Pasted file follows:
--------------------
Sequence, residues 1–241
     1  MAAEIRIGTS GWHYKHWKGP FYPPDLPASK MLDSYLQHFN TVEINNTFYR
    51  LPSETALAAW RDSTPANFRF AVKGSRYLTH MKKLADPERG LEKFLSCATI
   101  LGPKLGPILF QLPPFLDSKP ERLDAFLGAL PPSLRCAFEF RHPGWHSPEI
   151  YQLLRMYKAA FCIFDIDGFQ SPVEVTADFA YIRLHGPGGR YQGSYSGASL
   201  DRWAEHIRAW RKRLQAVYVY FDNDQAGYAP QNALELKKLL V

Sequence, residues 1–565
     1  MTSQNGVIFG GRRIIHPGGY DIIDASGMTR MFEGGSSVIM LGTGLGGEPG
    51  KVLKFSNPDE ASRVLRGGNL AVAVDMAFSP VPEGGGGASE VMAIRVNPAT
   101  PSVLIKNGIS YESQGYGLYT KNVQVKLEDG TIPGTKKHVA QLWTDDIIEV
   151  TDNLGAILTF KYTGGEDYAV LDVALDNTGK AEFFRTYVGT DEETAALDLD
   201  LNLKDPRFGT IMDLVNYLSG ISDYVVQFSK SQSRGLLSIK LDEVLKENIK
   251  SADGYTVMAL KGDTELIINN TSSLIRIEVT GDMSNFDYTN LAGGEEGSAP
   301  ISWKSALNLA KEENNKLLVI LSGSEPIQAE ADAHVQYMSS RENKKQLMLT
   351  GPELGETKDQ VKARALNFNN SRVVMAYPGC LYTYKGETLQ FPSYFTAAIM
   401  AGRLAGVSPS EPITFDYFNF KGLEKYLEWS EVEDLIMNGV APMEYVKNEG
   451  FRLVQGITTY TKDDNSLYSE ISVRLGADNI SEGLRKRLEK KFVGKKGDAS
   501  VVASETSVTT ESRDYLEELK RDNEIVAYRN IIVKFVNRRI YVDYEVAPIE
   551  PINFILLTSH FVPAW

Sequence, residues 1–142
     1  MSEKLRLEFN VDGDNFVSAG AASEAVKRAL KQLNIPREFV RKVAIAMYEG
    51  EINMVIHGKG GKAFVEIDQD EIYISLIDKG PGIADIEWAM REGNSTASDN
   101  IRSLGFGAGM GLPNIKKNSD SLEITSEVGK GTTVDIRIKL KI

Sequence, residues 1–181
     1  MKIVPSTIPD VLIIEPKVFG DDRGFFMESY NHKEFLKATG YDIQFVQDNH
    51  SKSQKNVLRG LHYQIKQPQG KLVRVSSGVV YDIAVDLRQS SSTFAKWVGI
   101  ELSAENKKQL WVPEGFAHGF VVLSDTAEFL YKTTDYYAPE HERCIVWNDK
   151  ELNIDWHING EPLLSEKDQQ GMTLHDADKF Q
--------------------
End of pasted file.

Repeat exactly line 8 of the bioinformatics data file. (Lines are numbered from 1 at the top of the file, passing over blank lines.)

     1  MTSQNGVIFG GRRIIHPGGY DIIDASGMTR MFEGGSSVIM LGTGLGGEPG